Try ginger and mint. Numerous studies have shown that ginger can relieve mild to moderate nausea. Have some ginger tea, or just grate fresh ginger into warm water. And peppermint oil has been found to ease symptoms such as bloating, gas, and abdominal cramps by calming the GI tract (in a study of people with IBS). One note: Peppermint can exacerbate reflux, so if you're prone to heartburn, skip the mint and neutralize stomach acid with an antacid instead.

The talking hangover

Your takeaway from nonstop holiday revelry: a voice huskier than Kathleen Turner's. The technical cause is "acute inflammation of the vocal folds," says Michael Benninger, M.D., the chairman of the Head and Neck Institute, at the Cleveland Clinic. Inflammation causes fluid accumulation in the larynx, lowering the pitch of your voice. "How long this lasts depends on the severity of the trauma," says Benninger. If you're still whisper-hoarse after four days, see a doctor.


Shhhh. Rest your voice. With the convenience of texting and e-mail, you have no excuse for straining to be heard (er, except maybe if you have little kids). For a day or two, talk as little as possible and only "in gentle library tones," says Benninger.

Rehydrate your vocal folds. Small sips of water with a squeeze of lemon, noncaffeinated herbal teas, lozenges, sugarless gum—these all stimulate saliva flow and lubricate the vocal folds, says Benninger. They also "keep the throat moist so that you don't clear it," he says. (Throat clearing aggravates the injury.) Although gargling with salt water may be Grandma's best advice, says Benninger, it's ineffective here: "The gargles never get close enough to the larynx to help."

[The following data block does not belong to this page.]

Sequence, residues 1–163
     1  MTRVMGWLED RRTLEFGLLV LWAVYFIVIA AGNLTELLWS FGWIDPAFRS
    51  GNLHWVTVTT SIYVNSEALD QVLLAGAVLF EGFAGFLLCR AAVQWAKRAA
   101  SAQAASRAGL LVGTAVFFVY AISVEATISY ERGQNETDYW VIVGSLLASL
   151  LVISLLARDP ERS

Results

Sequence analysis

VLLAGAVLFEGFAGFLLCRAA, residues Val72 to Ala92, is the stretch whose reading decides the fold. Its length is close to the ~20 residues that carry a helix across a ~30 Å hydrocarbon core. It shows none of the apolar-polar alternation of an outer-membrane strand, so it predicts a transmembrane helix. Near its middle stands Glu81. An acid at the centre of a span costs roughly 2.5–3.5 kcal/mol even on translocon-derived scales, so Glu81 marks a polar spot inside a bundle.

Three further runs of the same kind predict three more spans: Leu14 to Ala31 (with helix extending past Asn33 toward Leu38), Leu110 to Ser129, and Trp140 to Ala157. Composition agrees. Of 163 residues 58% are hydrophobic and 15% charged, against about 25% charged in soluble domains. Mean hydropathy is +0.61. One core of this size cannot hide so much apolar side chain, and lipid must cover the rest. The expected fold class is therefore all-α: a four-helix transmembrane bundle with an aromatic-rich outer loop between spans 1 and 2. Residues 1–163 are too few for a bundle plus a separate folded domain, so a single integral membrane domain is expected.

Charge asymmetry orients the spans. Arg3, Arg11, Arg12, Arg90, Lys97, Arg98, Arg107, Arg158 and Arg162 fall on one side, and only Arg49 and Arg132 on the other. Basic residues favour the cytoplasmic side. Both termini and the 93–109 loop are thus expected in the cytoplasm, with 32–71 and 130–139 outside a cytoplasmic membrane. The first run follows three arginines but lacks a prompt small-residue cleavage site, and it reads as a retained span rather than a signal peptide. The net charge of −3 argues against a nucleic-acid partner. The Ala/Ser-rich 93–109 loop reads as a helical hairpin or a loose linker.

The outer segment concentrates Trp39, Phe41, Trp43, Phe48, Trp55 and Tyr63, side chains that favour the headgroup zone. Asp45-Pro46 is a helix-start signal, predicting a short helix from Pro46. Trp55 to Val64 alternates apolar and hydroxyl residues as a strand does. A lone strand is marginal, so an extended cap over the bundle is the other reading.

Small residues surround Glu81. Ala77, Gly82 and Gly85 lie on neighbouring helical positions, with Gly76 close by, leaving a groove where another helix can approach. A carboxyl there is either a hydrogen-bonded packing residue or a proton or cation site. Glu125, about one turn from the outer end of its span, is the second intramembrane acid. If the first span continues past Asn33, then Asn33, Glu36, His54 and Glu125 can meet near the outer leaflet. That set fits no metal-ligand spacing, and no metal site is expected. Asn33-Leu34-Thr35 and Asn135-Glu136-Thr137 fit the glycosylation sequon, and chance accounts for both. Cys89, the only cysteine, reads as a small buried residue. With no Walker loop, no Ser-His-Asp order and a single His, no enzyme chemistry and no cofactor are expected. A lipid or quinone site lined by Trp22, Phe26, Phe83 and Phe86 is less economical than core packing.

Seek out steam. Whether you sit in a steam room or take a long, hot shower, humid air moisturizes those passageways, making your throat feel better and possibly hastening healing.

Lost your voice? Gargling might feel nice, but it's not effective in healing the injured vocal folds. Saliva stimulators, such as lozenges, herbal tea, and sugarless gum, are a better bet.

The nightmare hangover

When your sleep pattern is disrupted—whether by anxiety over dysfunctional family dynamics or just a nonstop schedule—nightmares are more likely to follow. And disturbing dreams can leave you feeling seriously out of sorts—hazy, tense, even nauseated. "When you're dreaming of an unpleasant situation, the same areas of the brain are activated as would be in your waking life," says Jeanette Raymond, Ph.D., a clinical psychologist in Los Angeles. "It's as if you were actually living the experience." The stress hormones triggered by a bad dream are still flooding your bloodstream for the next few hours, and your body and mind suffer the aftereffects.


Take a cold shower. "It shocks your system," says Carsi Hughes, Ph.D., a clinical psychologist at Dominican University, in River Forest, Illinois, "changing the channel in your body and brain."

Get it out of your head. Write down or record as much as you can about the dream and how it made you feel, Raymond suggests. "Putting the dream into words engages the prefrontal cortex, the part of your brain that's involved in reasoning and judgment, calming the fear and anxiety," she says.

Analyze it. "If you can change your thoughts about the dream, you can change your feelings," says Hughes, and that in turn will soothe your sympathetic nervous system. Say you dreamed that you were trying to get away from someone: Consider whether the person you were trying to evade reflects a part of you—perhaps you're trying to tell yourself to leave something behind.